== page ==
It isn't news that I'm interested in why people worry about unlikely event A more than they worry about more likely event B, when B may be just as bad or even worse than A. I told you that I was going to run a focus group to explore this question, so here are some thoughts based on that experience and current events.
The group consisted of blue collar and middle income white people (the study is focusing on cultural factors in risk perception so we're doing the ethnic groups separately), all of whom live in a densely populated inner suburb. I began just by asking people what they worried about, what fears they had as they went about their lives. The first item anybody mentioned was terrorism -- the government isn't effective in protecting us from wackos who want to blow stuff up. From there, people mentioned all sorts of things: cancer and Alzheimer's disease, basically because they had close relatives who were afflicted; a young man saw his acquaintances get involved with drug trafficking and dropping out of school; a former housing authority employee was worried about indoor air pollution, because she'd had responsibility for public health and she knew all about it (her bosses hadn't kept the properties up to code, BTW, no surprise there); one guy said he didn't worry about much but he was afraid the blight was going to get his tomatoes.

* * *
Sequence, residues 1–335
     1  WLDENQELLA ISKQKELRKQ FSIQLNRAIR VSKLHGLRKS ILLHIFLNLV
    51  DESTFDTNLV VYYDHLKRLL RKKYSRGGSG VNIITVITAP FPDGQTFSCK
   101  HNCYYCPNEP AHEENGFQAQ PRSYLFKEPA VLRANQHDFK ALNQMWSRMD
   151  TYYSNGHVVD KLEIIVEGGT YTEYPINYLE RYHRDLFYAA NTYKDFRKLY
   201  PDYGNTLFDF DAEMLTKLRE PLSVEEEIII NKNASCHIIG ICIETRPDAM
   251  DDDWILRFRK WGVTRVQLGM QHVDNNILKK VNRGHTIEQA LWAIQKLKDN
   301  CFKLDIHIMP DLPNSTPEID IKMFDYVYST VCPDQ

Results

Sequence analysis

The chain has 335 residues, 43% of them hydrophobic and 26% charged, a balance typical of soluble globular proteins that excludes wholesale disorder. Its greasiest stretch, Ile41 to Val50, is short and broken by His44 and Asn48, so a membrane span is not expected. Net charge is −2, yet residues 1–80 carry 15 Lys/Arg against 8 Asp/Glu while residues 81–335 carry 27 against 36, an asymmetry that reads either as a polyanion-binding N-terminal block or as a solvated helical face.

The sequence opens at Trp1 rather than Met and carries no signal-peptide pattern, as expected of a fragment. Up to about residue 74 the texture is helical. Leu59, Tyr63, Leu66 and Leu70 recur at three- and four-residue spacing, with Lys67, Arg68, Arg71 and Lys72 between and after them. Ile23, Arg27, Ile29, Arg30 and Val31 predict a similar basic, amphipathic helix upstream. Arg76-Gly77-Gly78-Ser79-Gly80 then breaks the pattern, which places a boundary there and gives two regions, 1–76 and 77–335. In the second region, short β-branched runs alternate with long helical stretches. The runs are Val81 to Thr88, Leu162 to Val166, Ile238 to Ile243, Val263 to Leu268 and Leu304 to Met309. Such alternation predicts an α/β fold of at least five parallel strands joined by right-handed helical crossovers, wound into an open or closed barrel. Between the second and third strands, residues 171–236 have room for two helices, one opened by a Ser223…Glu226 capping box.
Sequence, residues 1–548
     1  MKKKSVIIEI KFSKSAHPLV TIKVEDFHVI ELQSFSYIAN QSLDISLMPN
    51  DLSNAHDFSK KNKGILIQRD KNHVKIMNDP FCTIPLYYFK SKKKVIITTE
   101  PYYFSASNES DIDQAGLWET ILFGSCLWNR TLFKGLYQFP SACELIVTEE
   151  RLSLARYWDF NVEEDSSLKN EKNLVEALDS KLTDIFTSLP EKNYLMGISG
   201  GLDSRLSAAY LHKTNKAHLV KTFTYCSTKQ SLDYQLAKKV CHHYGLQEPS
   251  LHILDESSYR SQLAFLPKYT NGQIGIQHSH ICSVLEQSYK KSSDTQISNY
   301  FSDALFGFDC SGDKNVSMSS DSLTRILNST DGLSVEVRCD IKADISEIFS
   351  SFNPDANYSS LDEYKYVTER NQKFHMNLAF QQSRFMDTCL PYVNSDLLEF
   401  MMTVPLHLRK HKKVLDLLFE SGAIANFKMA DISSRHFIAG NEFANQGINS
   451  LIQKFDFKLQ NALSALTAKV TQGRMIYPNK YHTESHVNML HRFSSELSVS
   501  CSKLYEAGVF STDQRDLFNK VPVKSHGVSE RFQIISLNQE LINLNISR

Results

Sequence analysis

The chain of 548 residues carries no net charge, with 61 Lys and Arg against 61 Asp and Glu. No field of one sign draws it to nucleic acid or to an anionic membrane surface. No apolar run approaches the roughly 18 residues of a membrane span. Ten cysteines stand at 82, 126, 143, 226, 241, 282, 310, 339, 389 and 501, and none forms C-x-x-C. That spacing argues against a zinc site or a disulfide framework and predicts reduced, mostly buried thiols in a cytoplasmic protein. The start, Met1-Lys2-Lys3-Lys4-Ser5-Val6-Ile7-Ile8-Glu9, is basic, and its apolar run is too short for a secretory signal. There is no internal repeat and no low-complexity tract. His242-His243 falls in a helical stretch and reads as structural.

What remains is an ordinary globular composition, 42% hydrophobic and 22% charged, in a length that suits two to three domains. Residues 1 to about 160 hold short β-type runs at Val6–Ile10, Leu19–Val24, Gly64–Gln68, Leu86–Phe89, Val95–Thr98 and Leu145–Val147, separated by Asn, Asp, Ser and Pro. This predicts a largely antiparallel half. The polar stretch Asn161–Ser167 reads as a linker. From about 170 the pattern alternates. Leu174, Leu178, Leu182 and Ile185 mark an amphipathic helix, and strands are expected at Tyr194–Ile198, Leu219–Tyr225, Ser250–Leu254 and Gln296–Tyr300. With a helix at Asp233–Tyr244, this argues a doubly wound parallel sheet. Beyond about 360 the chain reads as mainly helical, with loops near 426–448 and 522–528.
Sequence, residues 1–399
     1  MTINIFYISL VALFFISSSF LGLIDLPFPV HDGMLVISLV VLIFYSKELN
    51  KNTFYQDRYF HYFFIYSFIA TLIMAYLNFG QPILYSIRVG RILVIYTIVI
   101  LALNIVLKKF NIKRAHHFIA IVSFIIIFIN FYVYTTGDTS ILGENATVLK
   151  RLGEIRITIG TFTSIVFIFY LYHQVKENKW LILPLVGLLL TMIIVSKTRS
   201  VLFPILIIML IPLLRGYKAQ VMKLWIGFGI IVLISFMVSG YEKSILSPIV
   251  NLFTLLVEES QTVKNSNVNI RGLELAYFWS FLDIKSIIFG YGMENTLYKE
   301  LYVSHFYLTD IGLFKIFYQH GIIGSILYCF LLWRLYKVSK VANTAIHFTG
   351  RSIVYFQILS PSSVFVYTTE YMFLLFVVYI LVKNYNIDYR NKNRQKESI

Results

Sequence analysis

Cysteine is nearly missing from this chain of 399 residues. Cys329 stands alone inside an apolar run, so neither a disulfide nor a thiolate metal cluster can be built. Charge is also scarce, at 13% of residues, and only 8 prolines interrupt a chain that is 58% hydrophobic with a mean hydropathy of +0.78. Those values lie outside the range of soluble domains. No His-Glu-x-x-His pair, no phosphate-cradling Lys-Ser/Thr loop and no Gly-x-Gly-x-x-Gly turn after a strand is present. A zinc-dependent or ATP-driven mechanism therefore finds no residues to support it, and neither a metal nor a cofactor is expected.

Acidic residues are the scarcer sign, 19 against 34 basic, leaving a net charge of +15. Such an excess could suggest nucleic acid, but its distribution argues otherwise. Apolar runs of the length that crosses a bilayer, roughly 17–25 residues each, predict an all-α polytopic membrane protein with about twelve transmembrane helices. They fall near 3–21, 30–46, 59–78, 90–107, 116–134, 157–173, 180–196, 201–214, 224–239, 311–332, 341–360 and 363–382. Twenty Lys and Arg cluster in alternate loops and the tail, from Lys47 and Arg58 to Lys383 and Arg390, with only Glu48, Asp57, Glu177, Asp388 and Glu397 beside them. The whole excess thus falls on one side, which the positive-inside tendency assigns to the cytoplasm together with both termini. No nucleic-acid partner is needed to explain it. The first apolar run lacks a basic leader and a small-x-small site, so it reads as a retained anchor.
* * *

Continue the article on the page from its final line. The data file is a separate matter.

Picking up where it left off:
So we had two categories of worry: events people had seen more or less firsthand, and dangers they had seen discussed on television or in the newspapers. Oddly, the woman who was worried about indoor air pollution smokes cigarettes, as does one of the people with fear of cancer. Cancer and Alzheimer's are quite prevalent, but heart disease is even more likely to affect the average person, and no-one mentioned it. Obviously it's impossible to say what the probability of a terrorist attack somewhere, somehow might be, but I think it's safe to say that the probability of terrorism affecting this guy personally, even quite remotely, is extremely small.
There are many factors that influence people's perceptions of risk. One of the most important is whether we have control over them, or at least perceive that we do. That's why it isn't surprising that nobody mentioned motor vehicle crashes, since we feel we are control because we or somebody we trust is driving; and that people can worry about indoor air pollution while aggressively polluting the indoor air, particularly the air inside their own lungs.
But one of the most powerful factors is social amplification of risk. Worries can be contagious, and rapidly infect people within a social group. In modern society, the mass media are by far the most powerful carriers of contagion. We should have learned our lesson from the Summer of the Shark, but no such luck. "Pandemic" influenza has come along to create another misleading, damaging media feeding frenzy.